MANHATTAN — It was a sad end for the Kid.
Hall of Fame catcher Gary Carter, who helped propel the Mets to their 1986 World Series win, died Thursday after a battle with brain cancer.
Carter, 57, had battled the ailment for months since being diagnosed last May, but his condition worsened in January.
“For Mets fans, Gary Carter was more than just a Hall of Fame catcher and slugger. He was a fan favorite – an on-the-field leader of a memorable championship team and an off-the-field philanthropist who gave back to the community, even long after his playing days ended," said Mayor Michael Bloomberg in a statement.
During his 19-year career, Carter racked up 324 home runs and 1,225 RBIs, according to Baseball-Reference.com.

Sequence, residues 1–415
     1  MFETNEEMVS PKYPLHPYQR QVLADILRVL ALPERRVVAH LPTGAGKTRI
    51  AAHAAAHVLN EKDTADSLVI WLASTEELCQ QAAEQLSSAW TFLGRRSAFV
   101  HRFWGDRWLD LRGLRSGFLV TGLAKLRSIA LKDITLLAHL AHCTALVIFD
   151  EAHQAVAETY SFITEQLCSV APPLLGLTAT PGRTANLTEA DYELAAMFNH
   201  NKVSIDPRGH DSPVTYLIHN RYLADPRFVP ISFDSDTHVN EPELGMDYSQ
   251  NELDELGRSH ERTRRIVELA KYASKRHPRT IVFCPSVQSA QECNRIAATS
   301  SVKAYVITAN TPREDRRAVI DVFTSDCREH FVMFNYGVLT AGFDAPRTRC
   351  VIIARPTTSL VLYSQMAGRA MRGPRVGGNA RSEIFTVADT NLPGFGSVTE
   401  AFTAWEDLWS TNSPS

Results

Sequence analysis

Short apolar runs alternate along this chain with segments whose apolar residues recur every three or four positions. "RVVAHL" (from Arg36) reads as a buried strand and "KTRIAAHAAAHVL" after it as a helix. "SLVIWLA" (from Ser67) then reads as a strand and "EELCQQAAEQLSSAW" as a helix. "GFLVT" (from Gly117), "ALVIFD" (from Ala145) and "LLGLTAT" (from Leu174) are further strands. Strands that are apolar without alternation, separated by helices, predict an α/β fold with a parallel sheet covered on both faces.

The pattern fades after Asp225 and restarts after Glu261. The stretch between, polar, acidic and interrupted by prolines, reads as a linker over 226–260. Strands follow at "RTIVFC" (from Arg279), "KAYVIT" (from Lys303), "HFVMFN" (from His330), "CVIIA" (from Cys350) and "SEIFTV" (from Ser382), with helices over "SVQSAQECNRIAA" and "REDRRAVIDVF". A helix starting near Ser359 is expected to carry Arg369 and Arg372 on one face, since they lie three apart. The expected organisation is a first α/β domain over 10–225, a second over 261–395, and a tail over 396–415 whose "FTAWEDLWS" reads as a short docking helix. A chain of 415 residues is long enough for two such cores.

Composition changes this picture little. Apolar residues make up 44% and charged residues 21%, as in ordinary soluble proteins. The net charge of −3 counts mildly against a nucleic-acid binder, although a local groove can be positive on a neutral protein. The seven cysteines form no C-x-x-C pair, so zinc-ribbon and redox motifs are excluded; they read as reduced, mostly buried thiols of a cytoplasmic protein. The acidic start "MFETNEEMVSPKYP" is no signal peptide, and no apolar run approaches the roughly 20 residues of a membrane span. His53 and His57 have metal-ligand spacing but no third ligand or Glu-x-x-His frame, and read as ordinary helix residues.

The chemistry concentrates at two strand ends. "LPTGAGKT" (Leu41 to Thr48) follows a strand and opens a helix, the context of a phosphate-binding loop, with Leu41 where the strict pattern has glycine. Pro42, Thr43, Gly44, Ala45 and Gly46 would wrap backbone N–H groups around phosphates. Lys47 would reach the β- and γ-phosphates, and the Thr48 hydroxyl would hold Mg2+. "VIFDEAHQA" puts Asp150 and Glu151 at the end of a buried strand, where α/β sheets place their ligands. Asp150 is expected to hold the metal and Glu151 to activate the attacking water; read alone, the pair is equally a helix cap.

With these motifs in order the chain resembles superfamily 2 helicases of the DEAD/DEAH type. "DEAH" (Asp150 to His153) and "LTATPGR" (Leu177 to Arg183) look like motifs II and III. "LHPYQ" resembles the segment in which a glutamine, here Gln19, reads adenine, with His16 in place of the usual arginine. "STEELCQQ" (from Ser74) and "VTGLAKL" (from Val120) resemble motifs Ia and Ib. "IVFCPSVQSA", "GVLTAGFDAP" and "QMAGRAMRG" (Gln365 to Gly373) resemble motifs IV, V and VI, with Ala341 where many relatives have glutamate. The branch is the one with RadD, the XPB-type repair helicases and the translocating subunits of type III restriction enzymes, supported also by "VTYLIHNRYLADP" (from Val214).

The California native only spent five of his years with the Mets after starting his career with the Montreal Expos in 1974.
But it was during that time that he made his mark, leading the Amazins' to a come-from-behind win in the 1986 World Series.
"His clutch hitting ignited one of the most incandescent moments in New York sports history: the Mets’ improbable come-from-behind, extra-innings victory in the sixth game of the 1986 World Series," said Bloomberg.
Carter, who helped inspire a new generation of Mets fans, was inducted into the Hall of Fame in 2003.
"When he went into the Hall of Fame in 2003, he said, ‘I will always be a kid at heart.’ And he was," Bloomberg said. "As a ballplayer and later as an education philanthropist, Gary exemplified the never-give-up spirit of our city – a spirit that ‘the Kid’ gallantly showed right up to the end. It’s why we’ll always remember him.”